Indiana’s INfield Advantage program has seven years of data on corn response to nitrogen rates. This year, the program adds a new project testing sulfur on soybeans.
“We will continue with our nitrogen testing on corn,” says Meg Leader, who heads up INfield Advantage for the Indiana State Department of Agriculture. “We’re adding a program to test sulfur on soybeans based on the increased yields Shaun Casteel has seen for three years.”
Casteel is the Purdue University Extension soybean agronomist. The Indiana Soybean Alliance and the Indiana Corn Marketing Council provide funds for INfield Advantage, Leader says. ISA asked the program to consider adding the sulfur trial to help Casteel gather data on responses on other soil types. Casteel helped design the protocol for the project, Leader says.
If you haven’t participated before, this would be a great time to get involved, she says.
How program works
Here is basic information about INfield Advantage, and how the sulfur for soybean project will work.
• INfield Advantage. The program seeks farmers around the state to form into groups to test various practices. Until now it’s primarily been comparing N rates for corn.
“Several groups operate around the state,” Leader says. “In each case, there is a project leader, often someone with a soil and water conservation district. It can be a crops consultant or someone else. The goal is to get local farmers to follow the same protocol for testing.”
• Imagery and sampling. Aerial imagery is collected later in the season, Leader says. One of the primary measures to compare nitrogen rates is guided stalk sampling. Staff collects samples. Lab samples are analyzed, with costs covered by the program.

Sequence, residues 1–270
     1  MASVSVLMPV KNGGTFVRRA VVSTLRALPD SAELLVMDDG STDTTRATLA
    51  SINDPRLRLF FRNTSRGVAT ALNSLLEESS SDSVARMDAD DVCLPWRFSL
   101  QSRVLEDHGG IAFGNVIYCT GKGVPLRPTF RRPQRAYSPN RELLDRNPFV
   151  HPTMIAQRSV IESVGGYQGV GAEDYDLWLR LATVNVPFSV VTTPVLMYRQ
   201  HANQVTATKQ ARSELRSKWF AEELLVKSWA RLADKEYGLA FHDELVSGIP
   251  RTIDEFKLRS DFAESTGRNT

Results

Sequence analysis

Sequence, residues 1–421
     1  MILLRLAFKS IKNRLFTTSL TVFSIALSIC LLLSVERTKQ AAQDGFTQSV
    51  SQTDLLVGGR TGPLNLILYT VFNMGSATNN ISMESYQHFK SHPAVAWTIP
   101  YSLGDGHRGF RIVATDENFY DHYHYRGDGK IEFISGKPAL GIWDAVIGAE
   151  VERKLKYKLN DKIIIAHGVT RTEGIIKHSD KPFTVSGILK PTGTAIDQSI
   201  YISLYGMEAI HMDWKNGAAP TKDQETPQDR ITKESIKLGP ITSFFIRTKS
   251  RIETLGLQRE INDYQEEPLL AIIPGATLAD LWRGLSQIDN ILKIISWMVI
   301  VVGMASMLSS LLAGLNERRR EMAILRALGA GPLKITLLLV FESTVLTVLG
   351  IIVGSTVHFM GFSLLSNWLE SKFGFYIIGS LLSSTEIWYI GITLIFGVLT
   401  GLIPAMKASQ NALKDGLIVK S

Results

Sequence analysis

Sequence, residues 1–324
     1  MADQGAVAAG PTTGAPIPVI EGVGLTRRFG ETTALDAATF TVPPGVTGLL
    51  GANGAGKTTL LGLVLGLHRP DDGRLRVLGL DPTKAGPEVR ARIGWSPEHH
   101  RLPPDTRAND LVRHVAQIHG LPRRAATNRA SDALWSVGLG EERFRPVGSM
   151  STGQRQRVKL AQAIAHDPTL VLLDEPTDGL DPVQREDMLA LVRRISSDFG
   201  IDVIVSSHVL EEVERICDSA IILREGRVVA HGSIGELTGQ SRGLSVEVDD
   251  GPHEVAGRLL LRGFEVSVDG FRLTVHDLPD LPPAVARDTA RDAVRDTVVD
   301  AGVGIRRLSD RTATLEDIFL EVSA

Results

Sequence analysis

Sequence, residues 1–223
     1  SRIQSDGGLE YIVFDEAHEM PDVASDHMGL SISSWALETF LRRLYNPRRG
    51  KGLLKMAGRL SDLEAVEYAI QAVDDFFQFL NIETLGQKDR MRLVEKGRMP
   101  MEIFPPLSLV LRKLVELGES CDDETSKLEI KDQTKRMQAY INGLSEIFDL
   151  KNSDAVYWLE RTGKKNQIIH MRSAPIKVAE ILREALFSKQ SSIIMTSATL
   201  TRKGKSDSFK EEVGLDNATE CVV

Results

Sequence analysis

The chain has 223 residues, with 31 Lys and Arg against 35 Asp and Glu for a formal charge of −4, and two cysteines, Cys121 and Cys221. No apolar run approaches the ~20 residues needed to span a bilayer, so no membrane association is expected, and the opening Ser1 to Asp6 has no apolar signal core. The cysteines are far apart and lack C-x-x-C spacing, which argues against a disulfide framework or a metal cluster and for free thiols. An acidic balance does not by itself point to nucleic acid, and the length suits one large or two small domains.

• Learning and discussion. Each participant receives his or her results during the winter, Leader says. Each local group has a meeting to discuss results. Names are removed and discussion is limited to participants and project leaders.
• New sulfur for soybean project. Each grower can register one soybean field, either by June 22 in the south or July 6 in the north. The goal this year is to apply a minimum of one pass of a fertilizer applicator that is at least 1.5 times the width of the combine header, most likely with a dry source of sulfur, prior to planting.
Comparison strips are the key, Casteel says. Either apply sulfur in strips, preferably more than one, or apply sulfur over the whole field but leave strips untreated.
The preferred source for the 2018 trial is AMS at 20 pounds per acre, but other products, including gypsum, MES 10 and Sul-Po-Mag, can be used. Elemental sulfur is not recommended.
• What to expect. Two soybean tissue samples will be pulled during the season, Leader says. Aerial imagery will be gathered too. Casteel says soil tests pulled prior to fertilization and from untreated areas would be helpful. He emphasizes that yield maps are the best way to determine if soybeans respond to sulfur.
• To participate. Visit the INfield Advantage website. If you wish to work with Casteel directly, consult your local Extension ag educator.